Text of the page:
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'Roger Ballen Photographs 1969 – 2009' At Marta Herford Gallery (PHOTOS)

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South Africa-based photographer Roger Ballen got his start documenting impoverished South Africans who had been marginalized by the apartheid government. Soon after Ballen abandoned the documentary style, stopped looking outward and began looking inward. "When you take your eyeballs and you turn them around in your head, things happen," he once told The New York Times magazine.

Ballen's photographs range from staged surreal-scapes to head-on portraits, yet it is impossible to say which is more nightmarish. Dark dreams and darker realities loom above the diverse stages of Ballen's career: from his photographs of shelters littered with cryptic clues to portraits of disturbed strangers. They are all in black-and-white and they all are tangled up somewhere between fact and fiction.

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His work makes a similar claim as Francisco de Goya's "The Sleep of Reason Produces Monsters," showing the dark forces buried in our subconscious. His works depict the cruelty in children's games, the absurdity in a collection of props arranged a certain way, the awkwardness of posing for a picture. "Who’s telling you what to say? Who’s producing the dreams that come out of the night? There are mysterious third parties that govern our behavior in all sorts of ways," Ballen told Time Magazine.

In appearance Ballen's work resembles Diane Arbus; the two share an obsession with otherness, whether at a freak show or the neighbor's yard. Their hunger for disturbing yet addicting images leads them to unlikely places and faces. We are asked to view people as both banal and grotesque. However, while Arbus' interest lies primarily in appearance, Ballen looks deep into the psyche.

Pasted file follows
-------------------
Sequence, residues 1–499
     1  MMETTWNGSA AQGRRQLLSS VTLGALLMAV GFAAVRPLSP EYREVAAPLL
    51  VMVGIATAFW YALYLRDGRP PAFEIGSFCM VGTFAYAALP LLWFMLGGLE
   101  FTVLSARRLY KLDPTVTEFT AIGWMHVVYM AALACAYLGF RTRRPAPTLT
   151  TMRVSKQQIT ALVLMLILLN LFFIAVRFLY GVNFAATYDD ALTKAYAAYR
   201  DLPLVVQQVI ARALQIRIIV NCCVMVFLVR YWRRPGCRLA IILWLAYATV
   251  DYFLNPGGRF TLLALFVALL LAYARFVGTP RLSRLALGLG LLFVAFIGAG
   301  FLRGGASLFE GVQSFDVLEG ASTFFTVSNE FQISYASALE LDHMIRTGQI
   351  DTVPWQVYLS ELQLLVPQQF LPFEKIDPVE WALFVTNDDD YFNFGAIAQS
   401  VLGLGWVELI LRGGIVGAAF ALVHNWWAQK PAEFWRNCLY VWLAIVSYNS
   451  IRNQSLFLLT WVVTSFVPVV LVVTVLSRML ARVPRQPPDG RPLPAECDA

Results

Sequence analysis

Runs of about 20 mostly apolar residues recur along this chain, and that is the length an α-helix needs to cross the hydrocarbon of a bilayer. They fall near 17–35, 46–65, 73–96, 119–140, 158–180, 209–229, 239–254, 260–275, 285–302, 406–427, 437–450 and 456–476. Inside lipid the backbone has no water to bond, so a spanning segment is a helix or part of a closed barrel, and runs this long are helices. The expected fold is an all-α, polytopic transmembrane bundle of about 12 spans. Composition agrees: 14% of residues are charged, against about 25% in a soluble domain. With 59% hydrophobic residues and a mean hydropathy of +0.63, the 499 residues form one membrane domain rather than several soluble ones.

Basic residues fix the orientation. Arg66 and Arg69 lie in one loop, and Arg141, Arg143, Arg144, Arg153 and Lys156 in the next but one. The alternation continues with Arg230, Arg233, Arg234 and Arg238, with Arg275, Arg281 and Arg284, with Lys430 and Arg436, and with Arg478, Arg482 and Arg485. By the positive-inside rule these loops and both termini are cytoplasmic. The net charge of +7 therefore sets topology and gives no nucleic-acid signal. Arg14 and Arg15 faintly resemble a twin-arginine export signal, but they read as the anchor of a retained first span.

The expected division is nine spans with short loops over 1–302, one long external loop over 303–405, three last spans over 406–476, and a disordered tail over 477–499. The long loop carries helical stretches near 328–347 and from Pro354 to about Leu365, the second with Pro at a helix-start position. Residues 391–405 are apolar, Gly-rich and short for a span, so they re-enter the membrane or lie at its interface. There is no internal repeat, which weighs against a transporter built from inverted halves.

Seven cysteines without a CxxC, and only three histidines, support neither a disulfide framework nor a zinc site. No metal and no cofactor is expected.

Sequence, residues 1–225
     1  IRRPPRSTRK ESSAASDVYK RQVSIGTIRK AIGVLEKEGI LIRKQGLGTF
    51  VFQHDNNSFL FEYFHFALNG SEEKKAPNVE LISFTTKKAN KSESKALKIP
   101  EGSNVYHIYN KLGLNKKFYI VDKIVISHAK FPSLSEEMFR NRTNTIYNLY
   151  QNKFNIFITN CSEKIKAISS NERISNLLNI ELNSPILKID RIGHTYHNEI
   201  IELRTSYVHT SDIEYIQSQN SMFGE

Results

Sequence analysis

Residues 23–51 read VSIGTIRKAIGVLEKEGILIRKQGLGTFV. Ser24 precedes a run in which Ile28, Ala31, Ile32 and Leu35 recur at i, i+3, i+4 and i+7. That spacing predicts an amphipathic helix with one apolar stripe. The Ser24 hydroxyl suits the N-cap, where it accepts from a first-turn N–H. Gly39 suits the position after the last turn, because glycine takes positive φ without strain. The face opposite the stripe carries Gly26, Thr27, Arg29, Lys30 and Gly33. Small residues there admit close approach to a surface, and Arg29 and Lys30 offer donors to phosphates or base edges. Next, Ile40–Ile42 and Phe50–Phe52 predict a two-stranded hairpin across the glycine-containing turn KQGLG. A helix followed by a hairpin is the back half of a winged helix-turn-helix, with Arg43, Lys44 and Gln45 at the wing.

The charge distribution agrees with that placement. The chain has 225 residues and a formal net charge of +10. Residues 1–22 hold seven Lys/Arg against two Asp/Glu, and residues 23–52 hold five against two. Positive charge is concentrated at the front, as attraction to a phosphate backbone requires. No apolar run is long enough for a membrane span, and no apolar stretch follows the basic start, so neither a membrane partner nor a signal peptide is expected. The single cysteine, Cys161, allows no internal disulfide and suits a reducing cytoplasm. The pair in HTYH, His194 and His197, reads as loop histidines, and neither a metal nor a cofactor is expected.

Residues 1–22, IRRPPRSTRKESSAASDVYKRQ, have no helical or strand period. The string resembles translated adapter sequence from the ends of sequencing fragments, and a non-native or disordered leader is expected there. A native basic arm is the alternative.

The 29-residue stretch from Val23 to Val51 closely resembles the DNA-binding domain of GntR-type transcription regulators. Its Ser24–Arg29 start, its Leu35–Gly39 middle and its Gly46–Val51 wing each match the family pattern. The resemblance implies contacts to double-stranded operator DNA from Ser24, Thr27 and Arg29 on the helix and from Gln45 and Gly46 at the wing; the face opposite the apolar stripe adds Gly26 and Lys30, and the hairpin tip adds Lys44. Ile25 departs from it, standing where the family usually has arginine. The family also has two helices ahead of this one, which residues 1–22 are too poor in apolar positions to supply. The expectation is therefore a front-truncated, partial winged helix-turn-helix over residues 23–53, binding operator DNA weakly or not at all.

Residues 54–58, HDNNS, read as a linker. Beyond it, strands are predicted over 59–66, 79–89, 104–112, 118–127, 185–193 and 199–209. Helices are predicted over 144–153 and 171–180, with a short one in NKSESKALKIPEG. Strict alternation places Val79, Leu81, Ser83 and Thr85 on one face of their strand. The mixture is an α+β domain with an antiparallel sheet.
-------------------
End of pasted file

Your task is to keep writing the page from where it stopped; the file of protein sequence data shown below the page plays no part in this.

The photograph for which he is most remembered, "Dresie and Casie, Twins," is undoubtably hard to look at. When trying to place the discomfort, we point out their fun-house mirror resemblance, the unsettling gazes, the dangling strings of what appears to be drool. Yet Ballen insists otherwise. According to The Guardian Ballen asserts we feel uncomfortable because "they're your cousins. You're related to them. You are seeing a picture of your insides." This conceptual curiosity set Ballen's work apart from his other taboo-bashing contemporaries.

A collection of Roger Ballen's work from 1969 – 2009 will show at Marta Herford in Herford, Germany is on display until June 17.

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